I’m waiting in the airport in Barbados to fly home, but I thought this was pretty funny.
I spent some time yesterday at the Nidhe Israel Museum, Synagogue, cemetery and archaeological site in Bridgetown, for an upcoming story. Michael Stoner, the archaeologist on the site, told me that ever since Jewish Pirates of the Caribbean by Edward Kritzler has come out, he’s frequently asked for the location of the Jewish pirate’s graves.
Well, there aren’t any pirates buried there, apparently, although some people get excited when they see a skull and cross bones on a few of the tomb stones. (Most of which are from the 17th century.) It’s true that you wouldn’t typically see something like the Jolly Roger in a Jewish cemetery, but nor would you see cherubs, roses and other typically Christian iconography. And before a skull and crossbones meant ‘pirate’ it meant ‘death’.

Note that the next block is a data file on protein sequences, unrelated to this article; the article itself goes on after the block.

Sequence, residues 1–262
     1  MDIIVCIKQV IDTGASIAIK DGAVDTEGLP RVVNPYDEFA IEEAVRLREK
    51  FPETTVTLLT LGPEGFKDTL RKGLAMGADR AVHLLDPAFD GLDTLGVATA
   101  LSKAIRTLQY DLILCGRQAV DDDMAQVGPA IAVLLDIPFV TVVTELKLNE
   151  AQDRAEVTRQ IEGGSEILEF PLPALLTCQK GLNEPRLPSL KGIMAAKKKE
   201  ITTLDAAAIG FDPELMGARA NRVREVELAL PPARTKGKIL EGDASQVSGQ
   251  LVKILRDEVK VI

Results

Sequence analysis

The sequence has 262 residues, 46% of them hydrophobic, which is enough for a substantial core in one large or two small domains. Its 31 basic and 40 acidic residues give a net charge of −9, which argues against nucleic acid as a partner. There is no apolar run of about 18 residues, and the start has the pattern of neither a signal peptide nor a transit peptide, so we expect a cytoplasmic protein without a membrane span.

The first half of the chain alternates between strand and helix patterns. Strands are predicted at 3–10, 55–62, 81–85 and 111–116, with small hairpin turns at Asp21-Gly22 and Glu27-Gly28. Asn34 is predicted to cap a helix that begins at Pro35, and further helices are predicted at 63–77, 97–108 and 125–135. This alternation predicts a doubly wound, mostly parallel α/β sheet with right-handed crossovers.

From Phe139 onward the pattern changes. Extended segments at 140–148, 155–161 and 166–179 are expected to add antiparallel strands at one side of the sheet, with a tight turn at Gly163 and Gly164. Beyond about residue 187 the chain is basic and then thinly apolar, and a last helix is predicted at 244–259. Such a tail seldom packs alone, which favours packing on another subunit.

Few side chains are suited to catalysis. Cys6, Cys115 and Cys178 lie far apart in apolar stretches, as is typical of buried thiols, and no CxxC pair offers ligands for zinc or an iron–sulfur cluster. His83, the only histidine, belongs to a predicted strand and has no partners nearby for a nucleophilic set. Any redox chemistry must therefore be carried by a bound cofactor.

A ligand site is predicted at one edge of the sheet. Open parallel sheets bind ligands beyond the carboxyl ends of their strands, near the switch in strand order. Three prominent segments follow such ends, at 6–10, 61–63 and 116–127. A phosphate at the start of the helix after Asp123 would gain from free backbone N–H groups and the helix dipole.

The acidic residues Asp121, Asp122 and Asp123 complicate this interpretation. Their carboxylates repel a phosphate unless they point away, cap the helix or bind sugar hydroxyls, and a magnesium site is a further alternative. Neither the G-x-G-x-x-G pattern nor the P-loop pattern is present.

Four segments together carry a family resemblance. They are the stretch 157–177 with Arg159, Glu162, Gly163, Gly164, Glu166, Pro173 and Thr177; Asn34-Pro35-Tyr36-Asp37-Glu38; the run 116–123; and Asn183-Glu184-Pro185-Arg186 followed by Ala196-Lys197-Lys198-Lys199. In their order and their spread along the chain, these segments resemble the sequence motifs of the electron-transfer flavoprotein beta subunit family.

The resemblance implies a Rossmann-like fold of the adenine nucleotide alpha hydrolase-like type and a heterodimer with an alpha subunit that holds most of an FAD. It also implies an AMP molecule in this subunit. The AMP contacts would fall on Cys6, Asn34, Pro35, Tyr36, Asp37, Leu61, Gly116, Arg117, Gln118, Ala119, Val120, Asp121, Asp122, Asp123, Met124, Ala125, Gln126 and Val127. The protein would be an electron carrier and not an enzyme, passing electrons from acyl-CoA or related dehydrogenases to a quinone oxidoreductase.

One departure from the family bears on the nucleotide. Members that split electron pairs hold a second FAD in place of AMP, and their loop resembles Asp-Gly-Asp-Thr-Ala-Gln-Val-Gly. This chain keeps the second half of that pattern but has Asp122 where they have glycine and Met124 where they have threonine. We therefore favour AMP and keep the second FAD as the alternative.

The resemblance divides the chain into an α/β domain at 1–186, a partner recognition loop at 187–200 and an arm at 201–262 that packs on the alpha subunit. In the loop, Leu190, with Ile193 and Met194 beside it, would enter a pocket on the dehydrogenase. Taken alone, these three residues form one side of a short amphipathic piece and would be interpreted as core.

So why all of goy iconography? It could have been a sign of adoption of Creole ways by Jewish population in Barbados during the 17th century, or, it could have been that there weren’t so many stone carvers on the island, and, basically, that was what was available off the shelf.
Much more to come on Caribbean history, Creole Jews and pirates!